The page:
App Mesh best practices - AWS App Mesh

App Mesh best practices

To achieve the goal of zero failed requests during planned deployments and during the unplanned loss of some hosts, the best practices in this topic implement the following strategy:

To significantly reduce or eliminate failures, we recommend that you implement the recommendations in all of the following practices.

Instrument all routes with retries

Configure all virtual services to use a virtual router and set a default retry policy for all routes. This will mitigate failed requests by reselecting a host and sending a new request. For retry policies, we recommend a value of at least two for maxRetries, and specifying the following options for each type of retry event in each route type that supports the retry event type:

  • TCPconnection-error

  • HTTP and HTTP/2stream-error and gateway-error

  • gRPCcancelled and unavailable

Other retry events need to be considered on a case-by-case basis as they may not be safe, such as if the request isn’t idempotent. You will need to consider and test values for maxRetries and perRetryTimeout that make the appropriate trade off between the maximum latency of a request (maxRetries * perRetryTimeout) versus the increased success rate of more retries. Additionally, when Envoy attempts to connect to an endpoint that is no longer present, you should expect that request to consume the full perRetryTimeout. To configure a retry policy, see Creating a route and then select the protocol that you want to route.


If you implemented a route on or after July 29, 2020 and didn't specify a retry policy, then App Mesh may have automatically created a default retry policy similar to the previous policy for each route you created on or after July 29, 2020. For more information, see Default route retry policy.

Adjust deployment velocity

When using rolling deployments, reduce the overall deployment velocity. By default, Amazon ECS configures a deployment strategy of a minimum of 100 percent healthy tasks and 200 percent total tasks. On deployment, this results in two points of high drift:

  • The 100 percent fleet size of new tasks may be visible to Envoys prior to being ready to complete requests (see Implement container health checks for mitigations).

  • The 100 percent fleet size of old tasks may be visible to Envoys while the tasks are being terminated.

When configured with these deployment constraints, container orchestrators may enter a state where they are simultaneously hiding all old destinations and making all new destinations visible. Because your Envoy dataplane is eventually consistent, this can result in periods where the set of destinations visible in your dataplane have diverged from the orchestrator’s point of view. To mitigate this, we recommend maintaining a minimum of 100 percent healthy tasks, but lowering total tasks to 125 percent. This will reduce divergence and improve the reliability of retries. We recommend the following settings for different container runtimes:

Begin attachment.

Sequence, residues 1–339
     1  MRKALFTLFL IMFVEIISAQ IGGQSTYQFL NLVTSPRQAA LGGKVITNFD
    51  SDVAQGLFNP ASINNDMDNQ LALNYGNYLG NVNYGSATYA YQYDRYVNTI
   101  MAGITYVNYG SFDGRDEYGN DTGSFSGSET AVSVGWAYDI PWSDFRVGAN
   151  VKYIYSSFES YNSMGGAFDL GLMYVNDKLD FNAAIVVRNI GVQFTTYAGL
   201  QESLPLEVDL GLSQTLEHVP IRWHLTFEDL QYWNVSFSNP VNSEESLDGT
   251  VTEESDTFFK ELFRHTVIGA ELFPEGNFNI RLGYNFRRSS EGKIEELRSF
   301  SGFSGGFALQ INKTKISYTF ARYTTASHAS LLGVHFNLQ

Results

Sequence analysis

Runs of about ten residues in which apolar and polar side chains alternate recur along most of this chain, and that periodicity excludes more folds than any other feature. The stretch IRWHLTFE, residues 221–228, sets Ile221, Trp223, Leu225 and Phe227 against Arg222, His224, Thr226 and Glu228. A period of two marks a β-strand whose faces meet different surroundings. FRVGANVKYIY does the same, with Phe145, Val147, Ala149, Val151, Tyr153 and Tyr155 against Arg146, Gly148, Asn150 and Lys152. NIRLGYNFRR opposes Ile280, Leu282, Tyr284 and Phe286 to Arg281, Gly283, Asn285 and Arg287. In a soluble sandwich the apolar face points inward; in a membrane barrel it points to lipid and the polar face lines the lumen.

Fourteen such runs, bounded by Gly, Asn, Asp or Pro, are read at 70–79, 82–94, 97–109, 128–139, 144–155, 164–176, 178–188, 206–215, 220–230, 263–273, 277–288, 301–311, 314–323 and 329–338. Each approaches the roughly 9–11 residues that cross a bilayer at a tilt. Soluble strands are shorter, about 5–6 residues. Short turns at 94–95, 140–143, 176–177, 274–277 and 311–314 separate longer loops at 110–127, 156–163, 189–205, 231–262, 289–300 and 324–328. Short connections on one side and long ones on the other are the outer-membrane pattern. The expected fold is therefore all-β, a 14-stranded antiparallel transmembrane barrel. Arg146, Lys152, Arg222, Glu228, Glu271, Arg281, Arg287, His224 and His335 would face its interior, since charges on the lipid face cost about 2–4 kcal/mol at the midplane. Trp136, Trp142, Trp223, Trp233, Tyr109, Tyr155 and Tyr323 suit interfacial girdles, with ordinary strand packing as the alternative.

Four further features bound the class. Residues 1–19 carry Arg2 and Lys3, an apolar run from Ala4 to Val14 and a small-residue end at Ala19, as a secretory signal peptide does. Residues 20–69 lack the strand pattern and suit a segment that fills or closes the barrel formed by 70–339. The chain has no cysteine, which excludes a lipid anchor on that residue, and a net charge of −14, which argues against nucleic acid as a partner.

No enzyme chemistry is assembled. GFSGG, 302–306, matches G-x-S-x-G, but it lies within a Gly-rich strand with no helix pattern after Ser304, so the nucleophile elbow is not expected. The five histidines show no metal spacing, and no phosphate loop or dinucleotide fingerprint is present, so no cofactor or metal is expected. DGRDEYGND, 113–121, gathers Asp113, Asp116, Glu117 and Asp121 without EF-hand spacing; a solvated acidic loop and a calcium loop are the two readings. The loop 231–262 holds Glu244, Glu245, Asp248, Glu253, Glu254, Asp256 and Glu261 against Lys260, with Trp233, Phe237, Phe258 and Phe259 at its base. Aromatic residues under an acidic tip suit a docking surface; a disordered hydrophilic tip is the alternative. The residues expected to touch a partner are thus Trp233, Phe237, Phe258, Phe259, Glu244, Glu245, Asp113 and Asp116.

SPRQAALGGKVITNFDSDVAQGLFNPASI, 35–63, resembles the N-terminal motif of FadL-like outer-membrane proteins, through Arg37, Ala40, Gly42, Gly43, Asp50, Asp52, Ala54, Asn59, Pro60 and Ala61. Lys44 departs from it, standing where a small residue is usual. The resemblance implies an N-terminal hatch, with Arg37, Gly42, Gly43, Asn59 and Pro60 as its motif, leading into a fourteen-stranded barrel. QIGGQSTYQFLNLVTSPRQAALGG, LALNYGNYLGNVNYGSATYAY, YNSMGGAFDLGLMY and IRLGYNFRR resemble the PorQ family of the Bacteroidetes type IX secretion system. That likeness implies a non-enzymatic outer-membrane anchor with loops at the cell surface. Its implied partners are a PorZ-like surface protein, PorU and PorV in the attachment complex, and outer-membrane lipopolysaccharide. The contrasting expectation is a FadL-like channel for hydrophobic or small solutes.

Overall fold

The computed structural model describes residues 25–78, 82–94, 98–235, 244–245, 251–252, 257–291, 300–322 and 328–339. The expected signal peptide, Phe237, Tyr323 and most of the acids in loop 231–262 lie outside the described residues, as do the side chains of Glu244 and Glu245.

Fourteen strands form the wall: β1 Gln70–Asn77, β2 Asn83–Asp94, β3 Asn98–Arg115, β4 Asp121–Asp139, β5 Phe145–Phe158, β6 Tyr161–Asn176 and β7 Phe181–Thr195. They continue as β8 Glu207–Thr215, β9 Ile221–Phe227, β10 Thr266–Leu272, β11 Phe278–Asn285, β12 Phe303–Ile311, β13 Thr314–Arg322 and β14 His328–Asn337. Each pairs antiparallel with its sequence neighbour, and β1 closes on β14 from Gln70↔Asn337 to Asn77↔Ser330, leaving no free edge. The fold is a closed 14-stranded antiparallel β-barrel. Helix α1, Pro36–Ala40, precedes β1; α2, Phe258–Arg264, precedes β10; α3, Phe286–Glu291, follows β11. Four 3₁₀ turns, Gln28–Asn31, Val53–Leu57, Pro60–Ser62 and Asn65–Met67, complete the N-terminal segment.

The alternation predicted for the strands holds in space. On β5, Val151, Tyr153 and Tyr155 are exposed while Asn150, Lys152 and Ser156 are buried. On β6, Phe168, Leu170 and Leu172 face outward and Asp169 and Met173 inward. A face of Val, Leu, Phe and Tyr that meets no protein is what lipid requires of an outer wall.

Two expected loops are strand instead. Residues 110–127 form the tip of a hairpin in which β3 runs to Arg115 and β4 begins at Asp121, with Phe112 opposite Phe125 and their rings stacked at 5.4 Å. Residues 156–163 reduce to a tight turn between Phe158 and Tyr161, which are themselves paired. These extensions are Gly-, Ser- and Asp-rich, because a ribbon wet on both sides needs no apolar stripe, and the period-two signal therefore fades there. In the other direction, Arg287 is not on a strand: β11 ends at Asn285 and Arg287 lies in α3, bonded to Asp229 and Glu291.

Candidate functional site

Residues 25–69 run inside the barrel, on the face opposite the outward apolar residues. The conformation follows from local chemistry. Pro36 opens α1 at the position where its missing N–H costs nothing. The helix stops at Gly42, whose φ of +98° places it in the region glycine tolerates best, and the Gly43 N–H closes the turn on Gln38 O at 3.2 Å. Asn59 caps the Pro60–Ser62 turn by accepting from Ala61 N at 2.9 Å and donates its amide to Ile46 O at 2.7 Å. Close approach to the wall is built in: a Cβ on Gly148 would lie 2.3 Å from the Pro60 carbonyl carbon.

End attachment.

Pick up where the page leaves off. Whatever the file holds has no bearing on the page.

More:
Amazon ECS

If your service has a desired count of two or three, set maximumPercent to 150 percent. Otherwise, set maximumPercent to 125 percent.


Configure your deployment's update strategy, setting maxUnavailable to 0 percent and maxSurge to 25 percent.

Scale out before scale in

Scale out and scale in can both result in some probability of failed requests in retries. While there are task recommendations that mitigate scale out, the only recommendation for scale in is to minimize the percentage of scaled in tasks at any one time. We recommend that you use a deployment strategy that scales out new Amazon ECS tasks or Kubernetes deployments prior to scaling in old tasks or deployments. This scaling strategy keeps your percentage of scaled in tasks or deployments lower, while maintaining the same velocity. This practice applies to both Amazon ECS tasks and Kubernetes deployments.

Implement container health checks

In the scale up scenario, containers in an Amazon ECS task may come up out of order and may not be initially responsive. We recommend the following suggestions for different container runtimes:

Amazon ECS

To mitigate this, we recommend using container health checks and container dependency ordering to ensure that Envoy is running and healthy prior to any containers requiring outbound network connectivity starting. To correctly configure an application container and Envoy container in a task definition, see Container dependency.


None, because Kubernetes liveness and readiness probes are not being considered in registration and de-registration of AWS Cloud Map instances in the App Mesh controller for Kubernetes. For more information, see GitHub issue #132.